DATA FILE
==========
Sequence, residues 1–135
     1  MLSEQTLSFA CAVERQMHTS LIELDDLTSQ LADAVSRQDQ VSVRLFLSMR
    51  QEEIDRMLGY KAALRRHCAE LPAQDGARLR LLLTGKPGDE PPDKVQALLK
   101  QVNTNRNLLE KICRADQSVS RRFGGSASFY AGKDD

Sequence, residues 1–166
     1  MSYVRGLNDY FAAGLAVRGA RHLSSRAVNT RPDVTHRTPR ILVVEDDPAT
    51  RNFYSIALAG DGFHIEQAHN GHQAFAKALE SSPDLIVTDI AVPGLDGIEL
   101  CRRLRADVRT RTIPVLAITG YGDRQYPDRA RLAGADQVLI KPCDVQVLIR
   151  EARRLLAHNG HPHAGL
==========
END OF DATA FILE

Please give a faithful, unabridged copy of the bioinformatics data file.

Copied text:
Sequence, residues 1–135
     1  MLSEQTLSFA CAVERQMHTS LIELDDLTSQ LADAVSRQDQ VSVRLFLSMR
    51  QEEIDRMLGY KAALRRHCAE LPAQDGARLR LLLTGKPGDE PPDKVQALLK
   101  QVNTNRNLLE KICRADQSVS RRFGGSASFY AGKDD

Sequence, residues 1–166
     1  MSYVRGLNDY FAAGLAVRGA RHLSSRAVNT RPDVTHRTPR ILVVEDDPAT
    51  RNFYSIALAG DGFHIEQAHN GHQAFAKALE SSPDLIVTDI AVPGLDGIEL
   101  CRRLRADVRT RTIPVLAITG YGDRQYPDRA RLAGADQVLI KPCDVQVLIR
   151  EARRLLAHNG HPHAGL